Home > Medicare
Healthcare is one of retirement’s toughest financial challenges.  Since 1965, Original Medicare (better known as Medicare Part A + Medicare Part B coverage) has helped cover basic health needs for most individuals age 65 and above. The Initial Enrollment Period (IEP) is your first chance to sign up for Medicare and it starts three months before your 65th birthday, includes your birthday month, and ends three months after the month you turn 65. You will receive premium-free Medicare Part A (Hospital Insurance) if you or your spouse have worked at least 10 years and have paid your Medicare tax liabilities.  If you worked less than 7 ½ years (30 quarters) then your premium for Part A would be $426, and if you worked 30-39 quarters your premium would be $234 per month. Medicare Part B (Medical Insurance) has a standard monthly premium of $104.90 (year 2014). Some people may pay a higher premium based on their income or if they do not enroll when they are first eligible.  If you do not sign up for Part B during your IEP, then your next chance to enroll would be during General Enrollment between January 1st –March 31st each year.  If you enroll during the General Enrollment Period, then your coverage will start July 1st of that year, and you may have to pay a late enrollment penalty. Do I have to enroll? Or am I automatically signed up for Medicare coverage? If you are receiving benefits from Social Security or the Railroad Retirement Board (RRB) then in most cases you will automatically get Part A and Part B starting the first day of the month you turn 65.  If your birthday falls on the first of the month, then you will receive benefits at the start of the prior month. If you have a disability, you will automatically get Part A and Part B after you get disability benefits from Social Security or certain disability benefits from the RRB for 24 months. If you have ALS (Amyotrophic Lateral Sclerosis, also called Lou Gehrig’s disease), you will automatically get Part A and Part B the month your disability benefits begin. If you live in Puerto Rico and get benefits from Social Security or the RRB, you will automatically get Part A, but will have to sign up for Part B. If you are automatically enrolled, you will receive your red, white, and blue Medicare card in the mail three months before your 65th birthday or your 25th month of disability.  If you are automatically enrolled, yet do not wish to keep your Part B coverage, then you will have to follow the instructions that come with the card, and send the card back.  If you keep the card, you keep Part B and will pay Part B premiums.  Part B premiums will be automatically deducted from your monthly benefits. If you qualify for Medicare because you have End-Stage Renal Disease (ESRD), you will have to sign up for Medicare along with everyone else that does not fall into one of the categories listed above.  Once enrolled in a Medicare plan, you will receive an “Evidence of Coverage” (EOC) each year, usually in the fall.  The EOC gives you details about what the plan covers, how much you pay, and more. How can I sign up for Part A & Part B coverage?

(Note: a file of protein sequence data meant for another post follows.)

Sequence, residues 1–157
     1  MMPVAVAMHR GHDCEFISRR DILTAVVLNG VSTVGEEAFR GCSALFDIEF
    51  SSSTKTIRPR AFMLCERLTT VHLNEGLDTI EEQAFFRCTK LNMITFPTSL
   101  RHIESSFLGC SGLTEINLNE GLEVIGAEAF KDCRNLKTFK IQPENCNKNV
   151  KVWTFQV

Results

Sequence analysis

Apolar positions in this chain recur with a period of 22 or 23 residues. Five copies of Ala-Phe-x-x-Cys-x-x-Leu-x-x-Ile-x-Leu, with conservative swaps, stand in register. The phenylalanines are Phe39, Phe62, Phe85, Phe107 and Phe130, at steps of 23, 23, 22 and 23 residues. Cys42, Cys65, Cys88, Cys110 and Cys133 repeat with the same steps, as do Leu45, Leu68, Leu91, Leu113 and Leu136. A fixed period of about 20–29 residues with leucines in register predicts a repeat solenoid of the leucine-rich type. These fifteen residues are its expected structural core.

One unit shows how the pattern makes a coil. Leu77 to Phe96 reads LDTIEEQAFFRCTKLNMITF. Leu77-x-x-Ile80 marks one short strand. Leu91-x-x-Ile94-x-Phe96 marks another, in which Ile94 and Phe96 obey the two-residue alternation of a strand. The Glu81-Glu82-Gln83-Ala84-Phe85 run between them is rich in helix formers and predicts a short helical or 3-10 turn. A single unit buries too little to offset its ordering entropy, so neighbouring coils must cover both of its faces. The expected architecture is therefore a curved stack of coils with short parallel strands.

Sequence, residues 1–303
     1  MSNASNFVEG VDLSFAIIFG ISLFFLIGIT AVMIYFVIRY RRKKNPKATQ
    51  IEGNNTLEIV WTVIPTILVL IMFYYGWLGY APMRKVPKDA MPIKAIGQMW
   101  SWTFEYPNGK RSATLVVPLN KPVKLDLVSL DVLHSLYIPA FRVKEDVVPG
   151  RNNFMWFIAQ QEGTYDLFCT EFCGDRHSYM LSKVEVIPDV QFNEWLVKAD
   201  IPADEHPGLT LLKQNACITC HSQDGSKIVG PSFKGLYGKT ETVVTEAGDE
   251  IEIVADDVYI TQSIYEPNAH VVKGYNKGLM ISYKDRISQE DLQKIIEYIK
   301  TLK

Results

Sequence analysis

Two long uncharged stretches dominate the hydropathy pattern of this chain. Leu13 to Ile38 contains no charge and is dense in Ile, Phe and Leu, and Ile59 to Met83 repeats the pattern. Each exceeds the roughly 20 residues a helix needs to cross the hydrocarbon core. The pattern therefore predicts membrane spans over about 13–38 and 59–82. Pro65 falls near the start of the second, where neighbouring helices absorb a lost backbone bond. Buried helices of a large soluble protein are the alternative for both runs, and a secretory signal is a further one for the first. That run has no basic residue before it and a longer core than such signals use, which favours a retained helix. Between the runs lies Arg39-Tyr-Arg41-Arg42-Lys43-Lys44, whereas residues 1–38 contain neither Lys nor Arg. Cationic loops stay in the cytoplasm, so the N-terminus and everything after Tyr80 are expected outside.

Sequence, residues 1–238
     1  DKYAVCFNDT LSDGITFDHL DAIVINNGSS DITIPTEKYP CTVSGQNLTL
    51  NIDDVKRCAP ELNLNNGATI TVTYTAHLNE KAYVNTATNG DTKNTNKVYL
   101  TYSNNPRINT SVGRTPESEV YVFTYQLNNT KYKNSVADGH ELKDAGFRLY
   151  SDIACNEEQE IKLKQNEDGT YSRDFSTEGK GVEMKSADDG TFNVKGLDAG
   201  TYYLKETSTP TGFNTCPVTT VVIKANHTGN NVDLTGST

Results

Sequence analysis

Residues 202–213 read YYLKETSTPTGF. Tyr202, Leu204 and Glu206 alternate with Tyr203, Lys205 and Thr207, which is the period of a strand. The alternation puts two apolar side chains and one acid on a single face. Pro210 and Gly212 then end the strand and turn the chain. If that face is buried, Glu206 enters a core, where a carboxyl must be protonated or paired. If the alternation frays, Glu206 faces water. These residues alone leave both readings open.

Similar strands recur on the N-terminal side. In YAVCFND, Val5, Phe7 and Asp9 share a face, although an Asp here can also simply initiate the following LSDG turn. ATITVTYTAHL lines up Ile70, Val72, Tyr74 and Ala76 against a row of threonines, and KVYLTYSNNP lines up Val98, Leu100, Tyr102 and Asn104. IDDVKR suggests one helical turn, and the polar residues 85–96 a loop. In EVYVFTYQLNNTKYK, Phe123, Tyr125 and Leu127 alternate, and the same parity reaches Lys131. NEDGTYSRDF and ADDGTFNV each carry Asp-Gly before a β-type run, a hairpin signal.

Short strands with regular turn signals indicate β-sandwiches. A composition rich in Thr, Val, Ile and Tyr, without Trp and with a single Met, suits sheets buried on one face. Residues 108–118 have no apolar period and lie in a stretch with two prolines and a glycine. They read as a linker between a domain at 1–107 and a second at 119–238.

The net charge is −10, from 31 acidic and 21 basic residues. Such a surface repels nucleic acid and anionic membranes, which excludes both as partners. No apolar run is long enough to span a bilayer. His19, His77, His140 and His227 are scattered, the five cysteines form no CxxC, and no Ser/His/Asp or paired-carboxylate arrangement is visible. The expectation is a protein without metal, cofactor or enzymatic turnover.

We’d love to hear from you

Contact Us

Recent News

Common ERISA Penalties by the DOL

The Department of Labor recently released their inflation-adjusted penalties for ERISA, the Family Medical Leave Act, and the Genetic Information Nondiscrimination Act.

SPD Requirements – Erisa Wrap Compliance

The Employee Retirement Income Security Act (ERISA) oversees group benefit plans, and with the onset of the Affordable Care Act, the ERISA Summary Plan Description (SPD) requirements are in the spotlight.